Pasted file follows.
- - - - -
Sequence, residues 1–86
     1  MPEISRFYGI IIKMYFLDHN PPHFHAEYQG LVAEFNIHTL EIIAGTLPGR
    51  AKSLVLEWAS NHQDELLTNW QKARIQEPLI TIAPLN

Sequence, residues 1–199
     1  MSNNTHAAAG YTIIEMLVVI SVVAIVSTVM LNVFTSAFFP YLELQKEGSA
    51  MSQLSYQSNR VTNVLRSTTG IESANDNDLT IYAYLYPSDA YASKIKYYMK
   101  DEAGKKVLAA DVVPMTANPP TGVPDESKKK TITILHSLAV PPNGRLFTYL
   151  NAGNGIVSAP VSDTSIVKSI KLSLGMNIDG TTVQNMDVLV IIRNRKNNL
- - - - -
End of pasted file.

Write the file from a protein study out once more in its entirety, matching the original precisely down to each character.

Sequence, residues 1–86
     1  MPEISRFYGI IIKMYFLDHN PPHFHAEYQG LVAEFNIHTL EIIAGTLPGR
    51  AKSLVLEWAS NHQDELLTNW QKARIQEPLI TIAPLN

Sequence, residues 1–199
     1  MSNNTHAAAG YTIIEMLVVI SVVAIVSTVM LNVFTSAFFP YLELQKEGSA
    51  MSQLSYQSNR VTNVLRSTTG IESANDNDLT IYAYLYPSDA YASKIKYYMK
   101  DEAGKKVLAA DVVPMTANPP TGVPDESKKK TITILHSLAV PPNGRLFTYL
   151  NAGNGIVSAP VSDTSIVKSI KLSLGMNIDG TTVQNMDVLV IIRNRKNNL